The Value of Baby Boomer Junk

The ’59 Cadillac, the ’62 Fender Stratocaster, and the ’54 O’Keefe and Merrit Range all share a common link. They are icons of American popular culture from the 50’s, 60’s, 70’s that have become fixations in the minds of people from Wisconsin to Tokyo. They are the stuff that American Baby Boomers grew up with. As the Boomer gets older the value of these things have increased far beyond their original disposable culture beginnings.


I am very familiar with the prices of old Fender guitars and find them to be ridiculous. They have ceased to be musical instrument prices and have become part of the Antique and Collectible trade. It’s unfathomable that they command prices approaching those of Master built old Orchestral instruments. The talent, energy, materials, and labor required to originally construct a ’57 Fender Strat is nowhere near that of a professional orchestral instrument. Yet the prices are creeping closer together.

Pathetic and foolish priority if you ask me.

I’ve watched that change drastically in my last 20 years of doing business with them. It has completely changed what I do forcing me to consider detail that two decades ago we would have laughed at.

Fwiw I think pre war Martin Guitars are somewhere in between orchestral instruments and 50′s Fenders and should command more respect than the similarly priced vintage strat. Even they are creeping closer together.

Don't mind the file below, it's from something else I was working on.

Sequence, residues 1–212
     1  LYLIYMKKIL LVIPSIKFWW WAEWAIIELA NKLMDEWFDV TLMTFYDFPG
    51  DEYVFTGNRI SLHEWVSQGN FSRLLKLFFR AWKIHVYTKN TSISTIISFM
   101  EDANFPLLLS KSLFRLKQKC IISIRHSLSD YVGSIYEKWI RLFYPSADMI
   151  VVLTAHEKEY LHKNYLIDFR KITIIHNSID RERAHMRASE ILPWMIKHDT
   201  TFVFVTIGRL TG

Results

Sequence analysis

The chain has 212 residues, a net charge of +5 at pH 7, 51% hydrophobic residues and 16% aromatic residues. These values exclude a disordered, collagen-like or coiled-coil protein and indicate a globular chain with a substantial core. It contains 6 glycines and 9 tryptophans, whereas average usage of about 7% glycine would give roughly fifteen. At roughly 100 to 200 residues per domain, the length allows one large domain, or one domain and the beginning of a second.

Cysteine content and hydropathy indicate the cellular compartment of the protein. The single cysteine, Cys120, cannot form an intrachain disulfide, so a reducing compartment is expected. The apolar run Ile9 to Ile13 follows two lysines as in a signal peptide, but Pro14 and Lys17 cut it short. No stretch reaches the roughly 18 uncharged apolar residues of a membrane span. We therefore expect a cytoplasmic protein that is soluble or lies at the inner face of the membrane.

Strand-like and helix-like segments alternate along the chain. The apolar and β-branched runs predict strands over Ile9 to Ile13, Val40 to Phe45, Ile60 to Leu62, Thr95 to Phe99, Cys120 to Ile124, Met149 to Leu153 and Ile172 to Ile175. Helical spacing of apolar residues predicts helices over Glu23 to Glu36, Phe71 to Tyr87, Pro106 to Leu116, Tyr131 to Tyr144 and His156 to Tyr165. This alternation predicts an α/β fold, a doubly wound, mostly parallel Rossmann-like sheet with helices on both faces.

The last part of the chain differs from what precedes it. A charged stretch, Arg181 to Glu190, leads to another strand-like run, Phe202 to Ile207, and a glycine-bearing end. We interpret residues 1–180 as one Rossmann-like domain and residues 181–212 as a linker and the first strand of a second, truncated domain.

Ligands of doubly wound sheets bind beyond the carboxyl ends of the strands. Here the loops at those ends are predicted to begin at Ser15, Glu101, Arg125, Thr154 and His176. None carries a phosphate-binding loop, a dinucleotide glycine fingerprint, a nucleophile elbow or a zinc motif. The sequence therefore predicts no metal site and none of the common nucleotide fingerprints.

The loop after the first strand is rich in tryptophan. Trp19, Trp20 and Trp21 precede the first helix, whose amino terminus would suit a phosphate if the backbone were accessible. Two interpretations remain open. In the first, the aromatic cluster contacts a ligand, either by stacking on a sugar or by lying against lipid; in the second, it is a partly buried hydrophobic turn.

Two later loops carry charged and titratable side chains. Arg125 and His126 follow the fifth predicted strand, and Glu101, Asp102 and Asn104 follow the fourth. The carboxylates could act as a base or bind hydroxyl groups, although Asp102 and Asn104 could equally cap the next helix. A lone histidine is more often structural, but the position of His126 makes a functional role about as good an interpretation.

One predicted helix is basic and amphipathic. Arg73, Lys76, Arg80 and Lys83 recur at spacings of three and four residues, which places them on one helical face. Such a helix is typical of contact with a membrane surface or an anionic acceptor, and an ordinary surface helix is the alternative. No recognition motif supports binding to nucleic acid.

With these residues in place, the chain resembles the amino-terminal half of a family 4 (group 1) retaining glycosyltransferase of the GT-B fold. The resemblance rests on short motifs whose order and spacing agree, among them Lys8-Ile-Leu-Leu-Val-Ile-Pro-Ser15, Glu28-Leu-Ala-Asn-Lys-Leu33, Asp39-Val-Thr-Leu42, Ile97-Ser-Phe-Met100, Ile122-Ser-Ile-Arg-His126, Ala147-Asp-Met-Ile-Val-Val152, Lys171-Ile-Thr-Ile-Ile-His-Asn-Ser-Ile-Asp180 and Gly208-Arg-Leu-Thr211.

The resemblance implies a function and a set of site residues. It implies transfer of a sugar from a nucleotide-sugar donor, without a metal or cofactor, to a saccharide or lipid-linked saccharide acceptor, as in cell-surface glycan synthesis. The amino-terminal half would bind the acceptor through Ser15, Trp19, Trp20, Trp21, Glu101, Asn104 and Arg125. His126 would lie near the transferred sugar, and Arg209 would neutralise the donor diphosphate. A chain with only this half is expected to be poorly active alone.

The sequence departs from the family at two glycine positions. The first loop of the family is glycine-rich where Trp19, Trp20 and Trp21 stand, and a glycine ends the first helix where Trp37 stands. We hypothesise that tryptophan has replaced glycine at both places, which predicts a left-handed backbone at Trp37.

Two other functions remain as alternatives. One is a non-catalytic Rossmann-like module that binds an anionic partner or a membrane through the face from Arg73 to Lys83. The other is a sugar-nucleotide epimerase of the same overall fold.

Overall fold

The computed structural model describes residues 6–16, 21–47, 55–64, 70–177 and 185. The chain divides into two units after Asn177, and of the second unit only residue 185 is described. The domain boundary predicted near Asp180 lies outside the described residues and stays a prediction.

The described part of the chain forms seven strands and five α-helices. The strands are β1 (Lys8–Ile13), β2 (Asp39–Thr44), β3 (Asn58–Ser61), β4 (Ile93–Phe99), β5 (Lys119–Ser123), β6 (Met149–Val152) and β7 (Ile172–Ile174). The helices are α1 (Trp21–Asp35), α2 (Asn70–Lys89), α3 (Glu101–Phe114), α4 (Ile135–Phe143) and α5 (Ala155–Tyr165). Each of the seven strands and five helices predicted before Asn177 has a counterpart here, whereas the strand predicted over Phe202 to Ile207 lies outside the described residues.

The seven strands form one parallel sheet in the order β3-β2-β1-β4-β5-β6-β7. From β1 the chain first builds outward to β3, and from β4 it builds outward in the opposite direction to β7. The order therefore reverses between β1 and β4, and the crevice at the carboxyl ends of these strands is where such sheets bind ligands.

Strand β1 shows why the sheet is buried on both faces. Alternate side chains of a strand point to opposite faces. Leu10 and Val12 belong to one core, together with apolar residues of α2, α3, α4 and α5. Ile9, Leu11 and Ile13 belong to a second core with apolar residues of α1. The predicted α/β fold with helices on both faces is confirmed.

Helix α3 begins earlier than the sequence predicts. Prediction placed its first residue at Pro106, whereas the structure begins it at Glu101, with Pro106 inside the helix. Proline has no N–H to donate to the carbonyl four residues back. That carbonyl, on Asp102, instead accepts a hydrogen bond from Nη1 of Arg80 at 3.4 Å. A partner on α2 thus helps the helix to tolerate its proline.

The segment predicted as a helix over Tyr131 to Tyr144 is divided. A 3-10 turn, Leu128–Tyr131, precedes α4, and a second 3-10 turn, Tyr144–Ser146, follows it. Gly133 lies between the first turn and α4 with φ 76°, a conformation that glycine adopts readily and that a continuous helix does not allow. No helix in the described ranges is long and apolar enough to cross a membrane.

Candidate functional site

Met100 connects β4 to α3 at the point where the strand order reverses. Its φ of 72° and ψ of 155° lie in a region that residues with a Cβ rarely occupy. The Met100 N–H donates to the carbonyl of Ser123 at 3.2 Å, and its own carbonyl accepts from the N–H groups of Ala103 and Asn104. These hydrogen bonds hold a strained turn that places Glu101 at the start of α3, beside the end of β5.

I have fond memories of the cars I rode around the neighborhood in and worked on in my youth. The ’69 Chevelle, ’65 Mustang, ’70 Camaro, and ’72 Charger. I have similar feelings towards Fender Guitars, Basses, and Amps, Hammond B-3′s and Ampeg SVT’s. I still have 50′s dinettes and wacky 40′s lamps in my house. These are the sights and sounds of my growing up. My comfort food.

They have become cultural icons whose current dollar value far eclipses their original disposable construction. It indicates to me a weird trend in human consumption that overvalues sentiment over craftsmanship. While I too have fond attachment to all those Baby Boomer toys I find the rapidly escalating dollar values of those playthings disturbing and sad. They have quickly escalated out of my reach and any of those things that I have still held on to require different treatment than I was hoping for when my Son gets old enough to appreciate what they mean to me.

About Uncletoad

Captain of this ship.
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